Mothers' and father's perceptions of the risks and benefits of screen time and physical activity during early childhood: a qualitative study

Hinkley, Trina and Mccann, Jennifer 2018, Mothers' and father's perceptions of the risks and benefits of screen time and physical activity during early childhood: a qualitative study, BMC public health, vol. 18, no. 1271, pp. 1-8, doi: 10.1186/s12889-018-6199-6.

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Title Mothers' and father's perceptions of the risks and benefits of screen time and physical activity during early childhood: a qualitative study
Author(s) Hinkley, TrinaORCID iD for Hinkley, Trina orcid.org/0000-0003-2742-8579
Mccann, JenniferORCID iD for Mccann, Jennifer orcid.org/0000-0002-8940-978X
Journal name BMC public health
Volume number 18
Issue number 1271
Start page 1
End page 8
Total pages 8
Publisher BioMed Central
Place of publication London, Eng.
Publication date 2018-11-20
ISSN 1471-2458
Keyword(s) early childhood
physical activity
active play
parents
perceptions
screen time
adult
Australia
child, preschool
exercise
fathers
mothers
perception
science & technology
life sciences & biomedicine
public, environmental & occupational health
Summary BACKGROUND: This study sought to explore mothers' and fathers' perceptions of the risks and benefits of screen time and active play during early childhood. METHODS: In-depth semi structured telephone interviews were conducted with mothers and fathers (n = 28) of children aged 3-5 years who had earlier taken part in a larger quantitative study in Australia and identified willingness to be re-contacted were recruited. Interviews were audio recorded, transcribed verbatim, and analysed using NviVo. Coding was performed to produce themes. Quotes were extracted from the transcripts to illustrate common responses. COREQ guidelines for qualitative papers were followed. RESULTS: Parents reported active play was beneficial for many health and developmental outcomes such as imagination, enjoyment and socialisation, while reporting risks such as safety and stranger danger. There were mixed perceptions of screen time, with benefits such as learning, education and relaxation, and risks including habit formation, inappropriate content, negative cognitive and social outcome, and detriments to health being reported. A few differences between mothers' and fathers' perceptions were evident. CONCLUSION: This study identified that some parental perceptions of benefits and risks of screen time and active play were consistent with published evidence, while others were contradicted by current evidence. Future studies should consider evidence-based education to ensure parents are aware of evidence-based outcomes of children's behaviours. Interventions may wish to capitalise on parents perceived benefits to enhance engagement.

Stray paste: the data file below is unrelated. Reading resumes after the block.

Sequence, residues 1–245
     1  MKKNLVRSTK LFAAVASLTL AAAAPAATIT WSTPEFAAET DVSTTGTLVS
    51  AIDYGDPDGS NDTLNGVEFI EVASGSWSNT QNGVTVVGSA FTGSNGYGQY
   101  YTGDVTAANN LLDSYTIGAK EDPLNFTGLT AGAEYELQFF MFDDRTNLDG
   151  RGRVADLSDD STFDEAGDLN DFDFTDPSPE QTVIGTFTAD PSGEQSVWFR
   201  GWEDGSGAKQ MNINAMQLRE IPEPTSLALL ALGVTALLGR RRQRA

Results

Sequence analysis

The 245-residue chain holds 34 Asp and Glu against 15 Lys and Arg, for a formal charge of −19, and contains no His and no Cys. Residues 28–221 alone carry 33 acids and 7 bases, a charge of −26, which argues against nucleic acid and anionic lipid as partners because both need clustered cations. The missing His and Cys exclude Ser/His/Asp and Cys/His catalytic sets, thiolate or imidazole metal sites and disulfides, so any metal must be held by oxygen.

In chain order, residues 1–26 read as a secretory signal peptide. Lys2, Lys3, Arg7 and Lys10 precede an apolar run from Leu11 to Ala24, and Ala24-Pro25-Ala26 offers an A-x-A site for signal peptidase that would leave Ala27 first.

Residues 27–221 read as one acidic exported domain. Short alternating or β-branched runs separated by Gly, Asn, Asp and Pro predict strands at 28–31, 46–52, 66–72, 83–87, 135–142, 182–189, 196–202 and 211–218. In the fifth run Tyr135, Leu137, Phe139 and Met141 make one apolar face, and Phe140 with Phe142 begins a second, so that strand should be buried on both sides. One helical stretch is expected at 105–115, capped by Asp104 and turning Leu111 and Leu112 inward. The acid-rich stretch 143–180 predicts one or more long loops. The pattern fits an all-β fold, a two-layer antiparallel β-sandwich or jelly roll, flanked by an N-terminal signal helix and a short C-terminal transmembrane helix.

Language eng
DOI 10.1186/s12889-018-6199-6
Field of Research 1117 Public Health And Health Services
HERDC Research category C1 Refereed article in a scholarly journal
Copyright notice ©2018, The Author(s)
Persistent URL http://hdl.handle.net/10536/DRO/DU:30115662

Document type: Journal Article
Collections: School of Exercise and Nutrition Sciences
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